There were two main reasons for the Pirates’ acquisition of Akinori Iwamura over the offseason. First of all, he was an easily attainable league average second baseman. Additionally, that was something the team desperately needed, because there were no acceptable internal options for second base. Delwyn Young was coming off a season in which he hit .266/.326/.381 as a 27-year-old, and he was awful defensively. Andy LaRoche could have moved to second, but that would have just created a hole at third base. These were the only choices.
Iwamura has been awful with the Pirates. He is currently hitting .169/.267/.246, good for a .243 wOBA. He is providing absolutely zero offense for the team. Now, looking strictly at the statistics, those numbers should improve. Iwamura is walking more than ever, and his strikeout rate is nearly identical to his career mark. His BABIP currently sits at .196, which is about 130 points lower than should be expected. With a normalized BABIP, he could easily be looking at a respectable season wOBA in the .320-.325 range. However, from watching Iwamura, I’m not sure the numbers tell the whole story. Anecdotally, he seems to be hitting a large amount of slow rollers, balls that have very little chance of sneaking through the infield. Then again, who knows what my mind is subjectively recalling.
There are no such positive indicators regarding Iwamura’s defense. He has been absolutely dreadful. Both UZR and Plus/Minus rate him as the worst second baseman of 2010 (very small sample size alert!), and my eyes tell me that the numbers are fairly accurate. His range has been virtually non-existent. There are a multitude of possible reasons for this. Maybe his knee is still bothering him. Maybe his knee is fine, but he is still mentally tentative from the injury. This seems to be Neal Huntington’s theory. Maybe he is still battling the sore ankle that hampered him earlier in the season. Maybe he is out of shape, or maybe he is just getting old. Whatever the reason, realistically, I just don’t see any sudden improvement being made.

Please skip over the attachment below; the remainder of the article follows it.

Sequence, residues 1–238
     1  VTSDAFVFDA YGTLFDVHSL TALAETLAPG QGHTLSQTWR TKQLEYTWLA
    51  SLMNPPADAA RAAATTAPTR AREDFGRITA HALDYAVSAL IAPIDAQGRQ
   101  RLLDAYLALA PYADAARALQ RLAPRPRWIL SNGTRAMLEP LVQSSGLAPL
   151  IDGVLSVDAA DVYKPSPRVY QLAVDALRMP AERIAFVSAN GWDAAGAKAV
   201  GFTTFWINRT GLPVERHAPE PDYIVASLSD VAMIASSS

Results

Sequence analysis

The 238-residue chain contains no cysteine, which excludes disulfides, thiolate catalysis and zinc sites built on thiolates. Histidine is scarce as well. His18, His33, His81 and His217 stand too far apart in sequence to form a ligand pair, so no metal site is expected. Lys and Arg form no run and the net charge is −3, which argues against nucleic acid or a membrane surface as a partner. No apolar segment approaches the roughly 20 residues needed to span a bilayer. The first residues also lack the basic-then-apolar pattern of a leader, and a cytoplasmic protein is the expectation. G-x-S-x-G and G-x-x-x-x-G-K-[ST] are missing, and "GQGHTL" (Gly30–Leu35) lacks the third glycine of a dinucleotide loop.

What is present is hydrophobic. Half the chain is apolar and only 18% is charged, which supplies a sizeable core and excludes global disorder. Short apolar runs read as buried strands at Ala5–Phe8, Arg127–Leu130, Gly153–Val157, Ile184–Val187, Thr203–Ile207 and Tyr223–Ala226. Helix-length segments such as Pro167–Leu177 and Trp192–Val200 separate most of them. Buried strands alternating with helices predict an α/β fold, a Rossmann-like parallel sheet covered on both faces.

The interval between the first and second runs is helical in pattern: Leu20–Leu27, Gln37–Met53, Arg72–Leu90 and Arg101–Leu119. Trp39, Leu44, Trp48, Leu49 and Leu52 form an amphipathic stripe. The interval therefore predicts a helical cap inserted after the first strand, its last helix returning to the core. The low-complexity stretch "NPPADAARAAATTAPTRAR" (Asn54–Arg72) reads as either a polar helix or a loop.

While Iwamura has struggled immensely, Neil Walker has experienced a resurgence at Triple-A Indianapolis. After going 4 for 5 with two doubles yesterday, Walker is hitting .338/.399/.602. His walk rate is up, he is hitting for power, and he has even stolen nine bases in as many attempts. Since last August 11 (the day Walker complained that he was not receiving an opportunity because he was a Littlefield player), he has hit .332/.386/.579 at Triple-A.
The Iwamura trade made sense at the time, but things have changed. Even if we factor in expected positive regression, Iwamura is likely to provide slightly below average production for the season. At 31-years-old and on a one-year contract, that’s just not very valuable. If there were no other options, the front office could easily stick with Iwamura for the remainder of the season. He will improve and probably be an adequate, albeit mediocre, stopgap at second base. But the Pirates now have the 24-year-old Walker tearing up Triple-A (finally) and deserving a shot at the major league level. Although it is unfair to categorize the Iwamura trade as a poor personnel decision, it is time to treat his acquisition as a sunk cost and do what makes the most sense for the team moving forward. That means replacing Iwamura with Walker.
Walker played a variety of positions for Indy early in the season, but he has started the past six consecutive games at second base. Frequent Pirates blog commenter MarkInDallas has come up with May 20 as the earliest date that Walker could be recalled without accruing a full season of service time. It seems like Walker may be on his way to Pittsburgh very soon.